/* */ Program Comments

Symbol Description

Comments using /* */ are lines in your program that are used to tell you or other people about how your program works. Like Cliffsnotes if you remember those from the 90s.

/* */ comments are actually ignored by the compiler. And they are not exported to the processor.

That means they don’t take up any kind of space in the microcontroller’s flash memory, but can still be really helpful to others reading your code.

Comments using /* */

The comments’ sole purpose is to help you or another user understand how your program works, without interfering with the code itself.

/* to */

The start of a block comment or a multi-line comment is marked by the symbol /* and the symbol */ is the end.

This comment is called so as this can extend over more than one line:

Once the compiler reads the /* it then ignores code that follows until it encounters a */.

Example Code

/* This is an actual valid comment */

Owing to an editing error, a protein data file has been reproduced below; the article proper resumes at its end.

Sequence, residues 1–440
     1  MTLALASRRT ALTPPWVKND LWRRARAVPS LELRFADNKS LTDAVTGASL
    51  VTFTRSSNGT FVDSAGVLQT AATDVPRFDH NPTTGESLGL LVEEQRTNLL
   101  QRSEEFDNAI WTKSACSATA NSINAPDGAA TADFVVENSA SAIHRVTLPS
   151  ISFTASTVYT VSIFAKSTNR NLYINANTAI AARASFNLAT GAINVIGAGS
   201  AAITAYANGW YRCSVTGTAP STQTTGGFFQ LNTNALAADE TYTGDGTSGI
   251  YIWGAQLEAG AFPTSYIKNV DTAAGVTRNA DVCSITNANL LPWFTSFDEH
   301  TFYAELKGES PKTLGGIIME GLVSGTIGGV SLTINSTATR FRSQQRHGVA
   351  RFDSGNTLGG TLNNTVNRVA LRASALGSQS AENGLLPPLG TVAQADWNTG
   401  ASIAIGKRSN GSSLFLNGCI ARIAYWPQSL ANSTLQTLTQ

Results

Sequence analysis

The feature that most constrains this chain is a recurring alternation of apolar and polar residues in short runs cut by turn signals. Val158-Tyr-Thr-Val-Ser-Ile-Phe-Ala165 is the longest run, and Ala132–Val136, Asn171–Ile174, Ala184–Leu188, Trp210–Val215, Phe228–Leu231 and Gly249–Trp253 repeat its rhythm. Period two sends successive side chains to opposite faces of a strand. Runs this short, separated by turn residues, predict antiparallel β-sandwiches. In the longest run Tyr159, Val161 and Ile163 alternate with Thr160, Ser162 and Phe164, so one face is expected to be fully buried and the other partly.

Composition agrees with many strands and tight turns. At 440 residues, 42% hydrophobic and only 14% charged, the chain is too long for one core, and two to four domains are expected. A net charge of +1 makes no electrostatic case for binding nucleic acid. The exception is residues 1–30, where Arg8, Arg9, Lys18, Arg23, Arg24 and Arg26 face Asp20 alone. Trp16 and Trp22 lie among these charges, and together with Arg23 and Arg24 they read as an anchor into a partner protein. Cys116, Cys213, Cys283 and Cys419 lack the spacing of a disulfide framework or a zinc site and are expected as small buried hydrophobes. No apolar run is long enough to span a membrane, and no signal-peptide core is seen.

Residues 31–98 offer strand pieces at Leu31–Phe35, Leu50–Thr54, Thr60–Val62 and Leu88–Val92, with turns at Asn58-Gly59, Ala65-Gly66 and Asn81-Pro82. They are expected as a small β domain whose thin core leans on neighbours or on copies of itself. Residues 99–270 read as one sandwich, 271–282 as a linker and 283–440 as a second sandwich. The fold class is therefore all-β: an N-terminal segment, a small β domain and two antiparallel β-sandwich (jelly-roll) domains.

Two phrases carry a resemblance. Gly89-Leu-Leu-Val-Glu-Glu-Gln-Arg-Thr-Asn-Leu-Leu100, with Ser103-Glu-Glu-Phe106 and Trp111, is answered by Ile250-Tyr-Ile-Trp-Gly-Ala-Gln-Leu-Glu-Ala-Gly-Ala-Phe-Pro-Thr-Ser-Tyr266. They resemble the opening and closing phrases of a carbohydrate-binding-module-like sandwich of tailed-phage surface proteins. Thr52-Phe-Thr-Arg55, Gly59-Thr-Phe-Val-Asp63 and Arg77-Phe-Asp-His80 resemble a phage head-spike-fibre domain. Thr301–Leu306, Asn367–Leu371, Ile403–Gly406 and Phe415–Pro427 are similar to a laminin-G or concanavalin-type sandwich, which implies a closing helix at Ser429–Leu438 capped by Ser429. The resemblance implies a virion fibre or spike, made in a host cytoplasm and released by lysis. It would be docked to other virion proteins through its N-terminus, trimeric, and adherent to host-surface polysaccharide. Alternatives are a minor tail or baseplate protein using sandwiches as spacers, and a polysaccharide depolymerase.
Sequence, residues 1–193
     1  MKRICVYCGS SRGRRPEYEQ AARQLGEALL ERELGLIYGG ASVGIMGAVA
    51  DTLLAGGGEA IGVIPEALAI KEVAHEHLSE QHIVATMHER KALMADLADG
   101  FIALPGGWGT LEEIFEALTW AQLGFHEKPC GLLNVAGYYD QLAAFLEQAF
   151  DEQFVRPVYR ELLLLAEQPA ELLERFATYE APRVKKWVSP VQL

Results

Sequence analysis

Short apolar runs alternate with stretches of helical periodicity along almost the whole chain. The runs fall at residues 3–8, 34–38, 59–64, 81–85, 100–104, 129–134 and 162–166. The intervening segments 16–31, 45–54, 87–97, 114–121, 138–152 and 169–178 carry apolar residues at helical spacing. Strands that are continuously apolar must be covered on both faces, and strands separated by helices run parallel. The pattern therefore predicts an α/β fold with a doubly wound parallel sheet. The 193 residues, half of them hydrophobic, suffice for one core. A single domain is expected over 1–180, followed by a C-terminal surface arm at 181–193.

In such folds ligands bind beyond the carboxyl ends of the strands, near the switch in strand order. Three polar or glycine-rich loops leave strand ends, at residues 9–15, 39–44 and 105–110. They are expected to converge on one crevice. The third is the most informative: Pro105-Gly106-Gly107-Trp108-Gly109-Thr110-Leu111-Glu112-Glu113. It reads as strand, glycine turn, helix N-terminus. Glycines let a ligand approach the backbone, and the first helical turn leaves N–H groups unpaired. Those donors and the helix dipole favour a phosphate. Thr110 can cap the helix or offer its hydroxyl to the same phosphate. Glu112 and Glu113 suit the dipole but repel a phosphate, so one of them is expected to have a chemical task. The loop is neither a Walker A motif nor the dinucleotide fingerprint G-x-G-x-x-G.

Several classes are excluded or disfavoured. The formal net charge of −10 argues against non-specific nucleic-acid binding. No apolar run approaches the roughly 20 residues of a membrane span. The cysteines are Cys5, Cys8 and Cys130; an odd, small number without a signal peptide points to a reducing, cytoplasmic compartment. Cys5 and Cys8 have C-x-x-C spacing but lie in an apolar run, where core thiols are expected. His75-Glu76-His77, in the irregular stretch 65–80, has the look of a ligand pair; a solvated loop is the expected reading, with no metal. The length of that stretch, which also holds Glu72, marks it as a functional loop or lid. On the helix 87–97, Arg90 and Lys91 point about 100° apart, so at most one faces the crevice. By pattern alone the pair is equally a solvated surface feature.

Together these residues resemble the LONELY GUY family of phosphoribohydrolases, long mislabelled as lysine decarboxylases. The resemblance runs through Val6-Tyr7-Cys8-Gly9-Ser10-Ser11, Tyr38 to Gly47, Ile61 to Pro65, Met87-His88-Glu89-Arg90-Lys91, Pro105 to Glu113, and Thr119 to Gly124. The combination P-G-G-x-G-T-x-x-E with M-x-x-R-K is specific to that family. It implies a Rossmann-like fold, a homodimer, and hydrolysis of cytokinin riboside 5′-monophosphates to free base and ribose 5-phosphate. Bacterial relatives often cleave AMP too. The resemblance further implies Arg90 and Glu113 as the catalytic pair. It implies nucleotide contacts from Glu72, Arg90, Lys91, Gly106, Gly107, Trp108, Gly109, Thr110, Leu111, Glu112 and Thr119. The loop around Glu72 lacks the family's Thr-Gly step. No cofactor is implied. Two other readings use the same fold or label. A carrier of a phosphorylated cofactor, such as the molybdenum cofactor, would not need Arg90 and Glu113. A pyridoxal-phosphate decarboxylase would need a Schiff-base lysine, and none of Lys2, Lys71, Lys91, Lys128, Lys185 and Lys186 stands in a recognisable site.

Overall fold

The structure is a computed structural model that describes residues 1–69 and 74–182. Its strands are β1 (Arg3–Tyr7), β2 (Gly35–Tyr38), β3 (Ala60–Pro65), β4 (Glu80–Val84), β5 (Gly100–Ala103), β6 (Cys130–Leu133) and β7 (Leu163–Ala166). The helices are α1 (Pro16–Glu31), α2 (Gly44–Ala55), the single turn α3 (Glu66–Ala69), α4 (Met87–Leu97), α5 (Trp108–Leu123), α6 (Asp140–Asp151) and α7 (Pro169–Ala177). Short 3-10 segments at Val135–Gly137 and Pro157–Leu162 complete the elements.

Turns on an LED on for one second, then off for one second, repeatedly.

  This example code is in the public domain.
  (Another valid comment)

  if (gwb == 0) { // single line comment is OK inside a multi-line comment
    x = 3;          /* but not another multi-line comment - this is invalid */
// don't forget the "closing" comment - they have to be balanced!

A Couple Notes & Warnings

When experimenting with code, “commenting out” parts of your program is an easy way to take out lines that may be a little buggy.

This leaves the lines in the code.

However, it turns them into comments. So the compiler just ignores them.

This can be very helpful when trying to find a problem, or when a program refuses to compile and the compiler error is cryptic or unhelpful.

A good programmer should use helpful comments within /* code so anyone can understand what they did.

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